As a pathetic side note, today we have the precise situation our Constitution was designed to prevent, and does prevent, but career politicians and bankers systemically break the law. The U.S. Constitution absolutely forbids printing more cash than you have money, by ingeniously requiring Congress alone (not banks) to coin all US currency, and back 100% of it with precious metals (defined as gold, silver, and later copper) in the Coinage Act of 1792.

The "Rise" of the American dollar is not as intuitive:
After the U.S. (which = world) economy is awash in phony, unbacked paper dollars loaned at interest, all the loans actually have to be paid back or go into default. While the credit ponzi scheme still has room to expand, new credit naturally springs from old in typical pyramid fashion, assuming valid future earnings haven't already been exhausted.

The key to identifying the impending collapse of the phony cash pyramid is to identify the exhaustion of genuine credit (see #2, above).

They key to understanding why credit exhaustion implodes the system is to understand the difference between "spending" and "borrowing." The essence of the difference is that a borrower spends future earnings. This future production capacity is the true source of the cash inflow that bankers sell to create and profit handsomely from Inflation.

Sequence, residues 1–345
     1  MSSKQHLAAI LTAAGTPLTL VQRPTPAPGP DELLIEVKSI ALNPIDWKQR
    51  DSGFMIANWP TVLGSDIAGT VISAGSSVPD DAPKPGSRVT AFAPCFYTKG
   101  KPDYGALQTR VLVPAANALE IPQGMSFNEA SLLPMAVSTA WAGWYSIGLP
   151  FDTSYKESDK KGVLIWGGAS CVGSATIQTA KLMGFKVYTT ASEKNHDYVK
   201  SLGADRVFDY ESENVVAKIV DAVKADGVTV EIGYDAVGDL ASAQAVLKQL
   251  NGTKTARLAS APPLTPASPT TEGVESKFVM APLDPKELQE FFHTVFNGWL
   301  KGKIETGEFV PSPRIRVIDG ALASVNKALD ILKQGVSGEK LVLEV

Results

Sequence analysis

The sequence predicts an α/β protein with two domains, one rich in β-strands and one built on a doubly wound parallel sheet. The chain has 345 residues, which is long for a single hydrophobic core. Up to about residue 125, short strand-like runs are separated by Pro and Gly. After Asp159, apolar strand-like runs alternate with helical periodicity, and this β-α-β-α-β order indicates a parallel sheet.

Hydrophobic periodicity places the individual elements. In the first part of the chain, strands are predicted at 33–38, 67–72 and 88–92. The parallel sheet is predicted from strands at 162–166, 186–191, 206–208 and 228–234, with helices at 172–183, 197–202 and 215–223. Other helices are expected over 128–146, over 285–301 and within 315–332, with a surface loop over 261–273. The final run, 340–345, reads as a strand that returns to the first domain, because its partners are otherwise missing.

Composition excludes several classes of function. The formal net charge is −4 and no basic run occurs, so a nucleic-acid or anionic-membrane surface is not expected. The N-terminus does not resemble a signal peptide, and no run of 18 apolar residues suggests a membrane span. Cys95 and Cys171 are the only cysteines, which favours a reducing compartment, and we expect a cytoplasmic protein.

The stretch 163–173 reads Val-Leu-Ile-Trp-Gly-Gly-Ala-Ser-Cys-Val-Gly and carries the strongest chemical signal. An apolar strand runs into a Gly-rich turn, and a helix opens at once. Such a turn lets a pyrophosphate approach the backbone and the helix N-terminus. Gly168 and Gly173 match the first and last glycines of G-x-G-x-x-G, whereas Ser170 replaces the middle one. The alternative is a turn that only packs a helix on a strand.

It should be clear by now that falling employment is the death knell of the bankers' profit pyramid scheme. The more employment (more accurately, equivalent employment) falls, the more it falls further, and that is the source of Deflation, or a reduction/implosion of genuine creditworthiness.

Why does Deflation skyrocket the value of the dollar while the "system" of corrupt, systemic crime crumbles? Simple: printed cash evaporates due to inability to find an expanding number creditworthy borrowers to support the pyramid. The weight of the required interest payments falls on fewer and fewer working people. Loans go bad which means, at best, fewer borrowers, or implosion of the lenders themselves.

Spending currency dries up. Existing cash dwindles. Prices fall. Surviving dollars buy more and more and more; they get stronger and stronger and stronger. The stronger the dollar gets, the more collateral prices tumble; the more people who cannot support existing credit; the more lending deteriorates; the more the cash supply shrinks; the more prices fall; the more surviving dollars rise in buying power.